Lead Nurturing - The Southeast Asia Perspective. [Spotlight: Indonesia]
Updated: Nov 3
One of the most popular approaches to B2B marketing which has emerged recently is lead nurturing. For those new to the concept, lead nurturing is a method for using marketing to manage prospects across the whole customer journey and across multiple channels.
To find out how widespread the technique is in Southeast Asia, ClickInsights and Marketo Engage surveyed marketers in the region about lead nurturing and how they are using it.
We covered several regional results in the previous post, such as:
Lead nurturing is popular in the SEA region. 38% of respondents say that at least 1 in 3 of their competitors are using it.
Lead nurturing is well-established at Southeast Asian (SEA) companies. 72% say that their programme is at least 2 years old.
Marketing is the department most likely to be responsible for lead nurturing at their company.
For additional regional statistics, please download the full report here: Lead Nurturing - The Southeast Asia Perspective.
So that regional marketers can better understand where their peers are at, though, ClickInsights will run a 6 part series in which results from each country are compared with regional results. We will start with Indonesia.
1) Lead nurturing in Indonesia is more likely to be driven by the c-level than in other regional countries
Perhaps the most surprising difference between Indonesian companies who use lead nurturing and other SEA companies is that Indonesian programmes are significantly more likely to be driven by the c-level than companies elsewhere in the region (57% Indonesia vs. 45% in the rest of SEA).
What this could mean is that lead nurturing is more likely to have support from the top in Indonesia and, as a result, is better funded and more strategic than at companies in other SEA countries.
2) Indonesian B2B marketers are more likely to have a longer-running programme than others in SEA
While lead nurturing as a concept has been around for many years, it is not trivial to implement. Lead nurturing programmes require planning and investment to live up to their potential. For this reason, many companies in SEA have only launched lead nurturing in the past few years.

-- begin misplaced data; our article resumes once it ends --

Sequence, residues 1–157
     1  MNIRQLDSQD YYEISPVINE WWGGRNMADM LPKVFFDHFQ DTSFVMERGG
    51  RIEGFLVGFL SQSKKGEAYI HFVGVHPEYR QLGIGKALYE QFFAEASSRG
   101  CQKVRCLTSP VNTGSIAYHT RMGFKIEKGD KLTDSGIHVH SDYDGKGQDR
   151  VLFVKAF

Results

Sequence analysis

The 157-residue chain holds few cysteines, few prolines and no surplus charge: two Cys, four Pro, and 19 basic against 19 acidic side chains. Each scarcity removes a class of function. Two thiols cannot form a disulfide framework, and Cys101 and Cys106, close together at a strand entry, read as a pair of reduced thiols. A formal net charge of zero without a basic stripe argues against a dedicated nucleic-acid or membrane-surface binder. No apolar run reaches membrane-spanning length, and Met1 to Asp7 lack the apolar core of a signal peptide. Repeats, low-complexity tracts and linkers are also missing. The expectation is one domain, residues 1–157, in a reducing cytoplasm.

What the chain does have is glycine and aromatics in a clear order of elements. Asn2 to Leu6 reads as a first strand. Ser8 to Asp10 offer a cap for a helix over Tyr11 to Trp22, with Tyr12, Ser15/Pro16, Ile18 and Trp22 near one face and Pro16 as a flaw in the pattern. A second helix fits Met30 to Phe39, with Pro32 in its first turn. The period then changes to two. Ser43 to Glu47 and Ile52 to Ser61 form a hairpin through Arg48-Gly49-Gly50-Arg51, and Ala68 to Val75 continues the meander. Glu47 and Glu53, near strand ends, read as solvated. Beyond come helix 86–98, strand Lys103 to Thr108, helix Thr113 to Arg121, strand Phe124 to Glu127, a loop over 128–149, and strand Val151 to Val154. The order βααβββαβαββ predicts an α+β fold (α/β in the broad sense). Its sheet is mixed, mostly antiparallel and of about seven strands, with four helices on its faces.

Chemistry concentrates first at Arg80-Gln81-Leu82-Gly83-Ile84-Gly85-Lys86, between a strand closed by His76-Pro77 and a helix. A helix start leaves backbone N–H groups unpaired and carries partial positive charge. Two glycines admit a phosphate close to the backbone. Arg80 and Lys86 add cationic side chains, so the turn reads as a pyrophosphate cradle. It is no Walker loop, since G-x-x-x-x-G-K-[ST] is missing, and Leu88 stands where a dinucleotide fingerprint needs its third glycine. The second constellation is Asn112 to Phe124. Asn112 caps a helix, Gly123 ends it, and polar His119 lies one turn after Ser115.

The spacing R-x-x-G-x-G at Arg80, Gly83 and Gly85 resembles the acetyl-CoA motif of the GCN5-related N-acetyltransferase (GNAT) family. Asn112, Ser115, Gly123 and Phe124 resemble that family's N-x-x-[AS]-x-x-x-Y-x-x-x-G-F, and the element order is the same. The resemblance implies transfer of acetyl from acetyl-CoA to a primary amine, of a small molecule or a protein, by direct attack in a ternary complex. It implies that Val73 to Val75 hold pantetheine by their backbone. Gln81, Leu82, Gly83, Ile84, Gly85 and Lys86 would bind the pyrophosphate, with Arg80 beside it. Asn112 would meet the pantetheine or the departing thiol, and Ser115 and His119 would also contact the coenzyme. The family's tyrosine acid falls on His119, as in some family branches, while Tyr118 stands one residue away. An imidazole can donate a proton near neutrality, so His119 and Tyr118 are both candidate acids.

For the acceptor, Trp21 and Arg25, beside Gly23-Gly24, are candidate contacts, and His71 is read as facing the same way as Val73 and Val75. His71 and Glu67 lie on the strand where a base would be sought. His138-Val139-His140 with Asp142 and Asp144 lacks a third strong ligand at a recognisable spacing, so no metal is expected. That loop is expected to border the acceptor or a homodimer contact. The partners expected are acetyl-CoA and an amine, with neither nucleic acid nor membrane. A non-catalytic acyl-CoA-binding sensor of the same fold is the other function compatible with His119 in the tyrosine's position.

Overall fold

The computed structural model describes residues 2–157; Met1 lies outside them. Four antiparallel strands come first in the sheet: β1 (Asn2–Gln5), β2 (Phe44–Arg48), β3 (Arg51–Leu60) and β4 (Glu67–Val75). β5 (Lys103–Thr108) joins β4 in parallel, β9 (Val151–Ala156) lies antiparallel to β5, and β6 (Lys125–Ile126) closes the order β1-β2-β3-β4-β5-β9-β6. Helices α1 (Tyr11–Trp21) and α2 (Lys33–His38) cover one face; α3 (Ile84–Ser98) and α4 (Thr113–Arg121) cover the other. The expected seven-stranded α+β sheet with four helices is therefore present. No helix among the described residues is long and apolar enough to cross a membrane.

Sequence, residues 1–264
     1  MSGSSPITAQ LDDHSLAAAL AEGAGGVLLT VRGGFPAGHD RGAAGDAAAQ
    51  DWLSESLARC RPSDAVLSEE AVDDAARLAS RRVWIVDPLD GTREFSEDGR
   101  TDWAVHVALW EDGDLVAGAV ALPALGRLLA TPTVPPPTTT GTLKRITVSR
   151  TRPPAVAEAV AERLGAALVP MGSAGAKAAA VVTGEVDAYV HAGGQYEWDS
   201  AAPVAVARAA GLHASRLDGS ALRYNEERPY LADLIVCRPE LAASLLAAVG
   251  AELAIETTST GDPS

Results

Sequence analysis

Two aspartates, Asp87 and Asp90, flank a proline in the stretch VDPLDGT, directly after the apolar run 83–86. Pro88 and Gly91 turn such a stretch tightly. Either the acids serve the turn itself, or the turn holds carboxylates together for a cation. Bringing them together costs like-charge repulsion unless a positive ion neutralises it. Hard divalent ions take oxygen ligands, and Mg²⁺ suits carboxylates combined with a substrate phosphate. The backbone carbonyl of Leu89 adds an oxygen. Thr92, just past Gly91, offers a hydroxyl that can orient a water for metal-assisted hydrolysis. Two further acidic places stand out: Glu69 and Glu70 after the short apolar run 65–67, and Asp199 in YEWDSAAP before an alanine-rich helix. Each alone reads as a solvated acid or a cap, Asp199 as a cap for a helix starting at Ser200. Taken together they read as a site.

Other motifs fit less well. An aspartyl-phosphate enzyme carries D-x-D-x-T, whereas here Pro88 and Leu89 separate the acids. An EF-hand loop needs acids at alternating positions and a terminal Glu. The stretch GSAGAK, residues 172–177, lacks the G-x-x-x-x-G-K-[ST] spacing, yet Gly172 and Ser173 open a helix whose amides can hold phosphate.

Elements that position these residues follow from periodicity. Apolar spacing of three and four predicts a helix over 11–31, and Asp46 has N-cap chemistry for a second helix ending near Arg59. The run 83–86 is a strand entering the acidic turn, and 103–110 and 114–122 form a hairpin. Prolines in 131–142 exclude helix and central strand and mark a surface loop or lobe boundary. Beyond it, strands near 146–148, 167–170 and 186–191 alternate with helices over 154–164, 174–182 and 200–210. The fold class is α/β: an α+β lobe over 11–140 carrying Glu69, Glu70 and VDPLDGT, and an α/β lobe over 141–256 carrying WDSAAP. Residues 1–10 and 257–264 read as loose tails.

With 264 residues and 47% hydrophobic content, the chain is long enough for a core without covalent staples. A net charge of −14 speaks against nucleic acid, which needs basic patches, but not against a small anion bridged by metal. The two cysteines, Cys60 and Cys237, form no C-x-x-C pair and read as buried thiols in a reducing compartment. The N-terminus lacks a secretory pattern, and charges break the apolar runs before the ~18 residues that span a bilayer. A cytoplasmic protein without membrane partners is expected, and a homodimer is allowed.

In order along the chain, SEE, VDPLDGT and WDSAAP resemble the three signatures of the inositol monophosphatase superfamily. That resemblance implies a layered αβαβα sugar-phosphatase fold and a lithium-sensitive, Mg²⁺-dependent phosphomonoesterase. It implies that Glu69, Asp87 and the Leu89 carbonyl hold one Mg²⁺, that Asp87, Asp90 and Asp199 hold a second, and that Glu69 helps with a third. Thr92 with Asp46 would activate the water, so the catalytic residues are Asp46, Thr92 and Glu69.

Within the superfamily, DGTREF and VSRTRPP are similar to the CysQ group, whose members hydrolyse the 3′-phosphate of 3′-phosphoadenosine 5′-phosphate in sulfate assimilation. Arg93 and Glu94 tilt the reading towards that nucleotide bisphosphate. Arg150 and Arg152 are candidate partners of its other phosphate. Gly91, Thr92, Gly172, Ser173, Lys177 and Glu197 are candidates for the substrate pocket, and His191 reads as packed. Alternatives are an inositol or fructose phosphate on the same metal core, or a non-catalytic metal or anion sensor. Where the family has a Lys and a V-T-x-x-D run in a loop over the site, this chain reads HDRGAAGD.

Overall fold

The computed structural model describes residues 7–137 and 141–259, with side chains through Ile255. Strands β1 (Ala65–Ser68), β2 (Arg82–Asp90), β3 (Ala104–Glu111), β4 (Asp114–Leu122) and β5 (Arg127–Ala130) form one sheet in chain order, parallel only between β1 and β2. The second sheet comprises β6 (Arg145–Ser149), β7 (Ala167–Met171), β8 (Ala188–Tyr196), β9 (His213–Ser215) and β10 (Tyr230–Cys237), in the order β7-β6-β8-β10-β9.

In Indonesia, however, a higher percentage of companies have been running lead nurturing for at least two years (83%) than others in the SEA region (69%).
This is possibly the case because lead nurturing projects has high-level backing in Indonesia (see point 1, above) and so it may have been easier for marketers to coordinate resources and get the approval necessary to get their programmes up and running quicker.
3) B2B marketers in Indonesia say their website delivers the best ROI for lead nurturing
While every respondent indicated that they use a variety of channels for lead nurturing, the survey pressed the point and asked each survey taker to say which one provided the best return on investment (ROI).
Region-wide, social media was the most popular pick for delivering ROI with more than 1 in 4 (28%) choosing this as their preferred channel.
Indonesian marketers, however, were much more enthusiastic about web and content marketing, with 1 in 3 (33%) choosing their website as the channel which delivered the best returns.
Email, too was more popular in Indonesia (19% Indonesia vs. 14% SEA) perhaps indicating that marketers in the country find that the traditional digital channels are more effective than the newer channels, such as social media.
4) Welcome emails are the most essential lead nurturing tactic in Indonesia
Another sharp difference between Indonesian marketers and their SEA counterparts is in the tactics they prefer.
When asked which single tactic is the most essential to their lead nurturing programme, nearly 3 in 10 (29%) of Indonesian marketers pointed to the 'welcome email'. Only 17% of SEA marketers outside of Indonesia said the same.
Indonesian respondents were also far less keen on 'personalised campaigns' with only 16% choosing this as the most effective tactic, compared to 21% region-wide. Again, marketers in Indonesia seem to be more interested in tried-and-tested
marketing methods than pushing the envelope with newer, more experimental techniques.
Overall, then, lead nurturing in Indonesia appears to have more senior buy-in than in other countries and, perhaps as a result, has been around longer. Longevity certainly has its benefits, but it may also have led to a reluctance to explore and implement more recent lead nurturing tactics and channels.
Marketers in the country are, therefore, encouraged to explore new lead nurturing approaches such as personalisation as they may find unique opportunities for engaging customers and driving them toward a sale.
To learn more about lead nurturing in the Southeast Asia region, please download the full report: Lead Nurturing - The Southeast Asia Perspective.